Corona Claims 40-Gig First
Parallel optics like this, which use multiple channels delivered over fiber ribbons, are designed to replace the electrical connections that make up the backplanes of telecom equipment. At high data rates, electrical links cannot support the distance needed to send signals from board to board or rack to rack in high-performance telecom installations.
What's unexpected about Corona's product is that it's here so soon. The working group of the Optical Internetworking Forum (OIF), the body that sets standards for short-range optical links like these, has barely begun the process of agreeing on specifications for OC768 modules. In fact, it only finalized the standards for OC192 (10 Gbit/s) six months ago (see OIF Sets Short-Range Sonet Standard).
In fact, it may be too soon. "Even if you designed an [OC768] link, what are you going to connect it to? There's no silicon to support OC768 yet," points out Tracy Earles, director of product management for Picolight Inc., a company that also makes parallel links.
Corona denies it's too soon, and support for this view lies in the fact that it's shipping to customers. According to its president, Bryan Gregory, customers come from two camps: those that demand the OC768 capability, and those that don't care precisely what the aggregate capacity of the device is -- as long as it's a tiny transmitter that can move huge amounts of data.
So far, Corona doesn't appear to have any competitors in the OC768 market. But in applications that simply require raw bandwidth for the backplane, there are plenty of contenders. These include companies like Agilent Technologies Inc. (NYSE: A) and Picolight, both of which offer 30-Gbit/s interconnects. And then there are vendors like Blaze Network Products Inc. and TeraConnect Inc. that are developing monster interconnect products using multiple fiber ribbons to deliver bandwidths in excess of 100 Gbit/s (see Parallel Optics Boosts Bandwidth).
Corona's product stacks up well against the competition, says Gregory. It has two big advantages. For starters, its module is extremely small -- a single transmitter measures just 13x13 millimeters. Corona's competitors agree that this is quite an achievement. "It's very impressive," says Picolight's Earles.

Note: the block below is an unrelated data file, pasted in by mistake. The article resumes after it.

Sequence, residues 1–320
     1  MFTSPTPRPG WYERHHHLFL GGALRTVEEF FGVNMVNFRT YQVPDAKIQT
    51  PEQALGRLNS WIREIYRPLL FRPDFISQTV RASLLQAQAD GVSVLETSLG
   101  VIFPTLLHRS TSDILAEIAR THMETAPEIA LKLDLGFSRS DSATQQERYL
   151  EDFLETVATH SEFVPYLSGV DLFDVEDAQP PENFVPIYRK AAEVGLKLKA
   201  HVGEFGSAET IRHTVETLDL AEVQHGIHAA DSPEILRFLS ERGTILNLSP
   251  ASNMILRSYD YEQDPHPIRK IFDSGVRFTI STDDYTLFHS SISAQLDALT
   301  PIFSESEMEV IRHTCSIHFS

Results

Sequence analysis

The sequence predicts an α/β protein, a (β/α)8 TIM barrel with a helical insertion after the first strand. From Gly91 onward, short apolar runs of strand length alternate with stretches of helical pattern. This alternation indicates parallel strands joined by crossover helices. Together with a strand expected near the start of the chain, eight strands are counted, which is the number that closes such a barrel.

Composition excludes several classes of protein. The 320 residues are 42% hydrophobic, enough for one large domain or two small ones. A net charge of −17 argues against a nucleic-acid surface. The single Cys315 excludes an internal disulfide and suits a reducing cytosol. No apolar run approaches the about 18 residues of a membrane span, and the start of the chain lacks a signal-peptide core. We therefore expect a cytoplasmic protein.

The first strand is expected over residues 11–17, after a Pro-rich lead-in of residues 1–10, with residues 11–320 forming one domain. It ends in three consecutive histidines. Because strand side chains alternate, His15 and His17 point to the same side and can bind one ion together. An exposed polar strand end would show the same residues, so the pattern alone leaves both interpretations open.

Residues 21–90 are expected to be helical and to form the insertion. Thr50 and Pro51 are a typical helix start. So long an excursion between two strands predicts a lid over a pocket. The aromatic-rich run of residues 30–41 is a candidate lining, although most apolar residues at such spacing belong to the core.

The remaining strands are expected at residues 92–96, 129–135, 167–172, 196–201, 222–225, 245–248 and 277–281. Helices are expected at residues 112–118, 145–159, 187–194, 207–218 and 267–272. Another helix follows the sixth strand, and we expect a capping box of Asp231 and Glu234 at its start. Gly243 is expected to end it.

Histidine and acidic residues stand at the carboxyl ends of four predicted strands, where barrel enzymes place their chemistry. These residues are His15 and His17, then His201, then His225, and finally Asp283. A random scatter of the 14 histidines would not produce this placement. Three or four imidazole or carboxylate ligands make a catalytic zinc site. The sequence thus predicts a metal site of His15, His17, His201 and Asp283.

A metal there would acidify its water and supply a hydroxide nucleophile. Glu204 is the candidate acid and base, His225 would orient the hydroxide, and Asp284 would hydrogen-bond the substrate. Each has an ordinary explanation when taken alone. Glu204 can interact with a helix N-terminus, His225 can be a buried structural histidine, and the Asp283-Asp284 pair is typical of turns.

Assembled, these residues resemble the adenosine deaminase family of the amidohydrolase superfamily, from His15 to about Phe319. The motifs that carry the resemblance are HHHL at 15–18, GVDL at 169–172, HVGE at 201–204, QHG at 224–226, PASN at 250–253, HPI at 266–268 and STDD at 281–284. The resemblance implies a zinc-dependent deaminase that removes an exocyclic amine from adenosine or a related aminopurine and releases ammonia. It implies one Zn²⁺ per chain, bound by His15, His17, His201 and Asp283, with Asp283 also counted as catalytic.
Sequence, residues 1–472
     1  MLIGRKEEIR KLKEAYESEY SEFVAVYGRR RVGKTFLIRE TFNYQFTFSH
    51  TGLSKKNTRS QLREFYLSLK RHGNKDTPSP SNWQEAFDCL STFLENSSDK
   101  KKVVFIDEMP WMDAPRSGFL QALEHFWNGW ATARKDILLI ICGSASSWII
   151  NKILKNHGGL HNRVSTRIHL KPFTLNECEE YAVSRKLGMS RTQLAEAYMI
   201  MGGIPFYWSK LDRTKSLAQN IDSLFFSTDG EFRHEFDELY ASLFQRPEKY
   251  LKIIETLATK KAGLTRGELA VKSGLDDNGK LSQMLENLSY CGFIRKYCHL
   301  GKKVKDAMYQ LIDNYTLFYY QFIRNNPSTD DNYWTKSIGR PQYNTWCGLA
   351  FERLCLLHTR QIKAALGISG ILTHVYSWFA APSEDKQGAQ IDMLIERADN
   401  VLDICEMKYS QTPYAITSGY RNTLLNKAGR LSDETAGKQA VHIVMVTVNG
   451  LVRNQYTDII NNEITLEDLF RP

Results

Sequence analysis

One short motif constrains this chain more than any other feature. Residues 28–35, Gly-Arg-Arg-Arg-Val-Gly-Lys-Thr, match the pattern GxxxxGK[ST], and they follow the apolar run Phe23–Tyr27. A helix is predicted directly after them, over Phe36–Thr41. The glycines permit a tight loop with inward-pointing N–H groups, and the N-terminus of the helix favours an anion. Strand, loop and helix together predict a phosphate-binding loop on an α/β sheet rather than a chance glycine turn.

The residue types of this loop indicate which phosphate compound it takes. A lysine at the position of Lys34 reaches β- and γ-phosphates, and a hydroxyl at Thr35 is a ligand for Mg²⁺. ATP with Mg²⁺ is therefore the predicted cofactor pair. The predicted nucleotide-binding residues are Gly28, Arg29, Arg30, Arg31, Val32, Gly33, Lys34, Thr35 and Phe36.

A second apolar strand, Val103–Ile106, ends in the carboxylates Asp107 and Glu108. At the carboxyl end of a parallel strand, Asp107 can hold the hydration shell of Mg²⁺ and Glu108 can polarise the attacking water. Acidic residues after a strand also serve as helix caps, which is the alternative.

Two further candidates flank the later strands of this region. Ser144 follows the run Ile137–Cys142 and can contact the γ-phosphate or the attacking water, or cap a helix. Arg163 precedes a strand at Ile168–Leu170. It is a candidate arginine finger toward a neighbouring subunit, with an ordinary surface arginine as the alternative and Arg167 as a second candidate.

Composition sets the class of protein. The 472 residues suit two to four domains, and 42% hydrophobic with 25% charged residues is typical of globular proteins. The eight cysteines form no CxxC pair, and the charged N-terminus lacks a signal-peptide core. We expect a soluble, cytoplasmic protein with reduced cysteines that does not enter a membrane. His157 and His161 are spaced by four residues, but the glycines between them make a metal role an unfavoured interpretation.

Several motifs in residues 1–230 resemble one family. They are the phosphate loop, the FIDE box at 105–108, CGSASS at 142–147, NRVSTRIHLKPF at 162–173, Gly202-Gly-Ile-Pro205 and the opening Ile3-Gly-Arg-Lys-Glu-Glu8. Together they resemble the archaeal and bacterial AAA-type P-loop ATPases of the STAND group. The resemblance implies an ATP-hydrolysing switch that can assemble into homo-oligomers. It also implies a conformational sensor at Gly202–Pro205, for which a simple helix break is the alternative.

A second advantage of the device is that it's "highly manufacturable," says Gregory. It's designed to resemble an electronic chip as much as possible, so that equipment manufacturers or their outsourcers can use automatic pick-and-place machines to plonk it on a printed circuit board, just as they do with electronic chips. Corona's modules can be supplied on a "tape and reel" -- resembling a giant reel of movie tape -- which is fed into the pick-and-place equipment.
"Typically, manufacturers place all the normal chips on the board, and then at the end of the process they take the optical module and hand-place and solder it on the board," says Gregory. "Having a human being touching, soldering the part affects your yields. What's more, if [equipment makers] are going to be doing the densities that they say they need then you truly need to automate this part of the process."
But not everyone endorses this approach. Picolight, for one, says that the best way to increase the board yield is to make devices pluggable, as it does with its 30-gig product (see Picolight Ships 32-Gig Interconnects). That way, the electronic chips can be tested before the optics are placed on the board. It also allows customers to repair or upgrade their optical backplane modules without throwing out the entire board.
Corona is based in Lombard, Ill. It raised $12.4 million in first-round funding led by Intel Capital. — Pauline Rigby, Senior Editor, Light Reading
http://www.lightreading.com Want to know more? The big cheeses of the optical networking industry will be discussing this very topic in a session at Opticon 2001, Light Reading’s annual conference, being held in San Jose, California, August 13-16. Check it out at Opticon2001.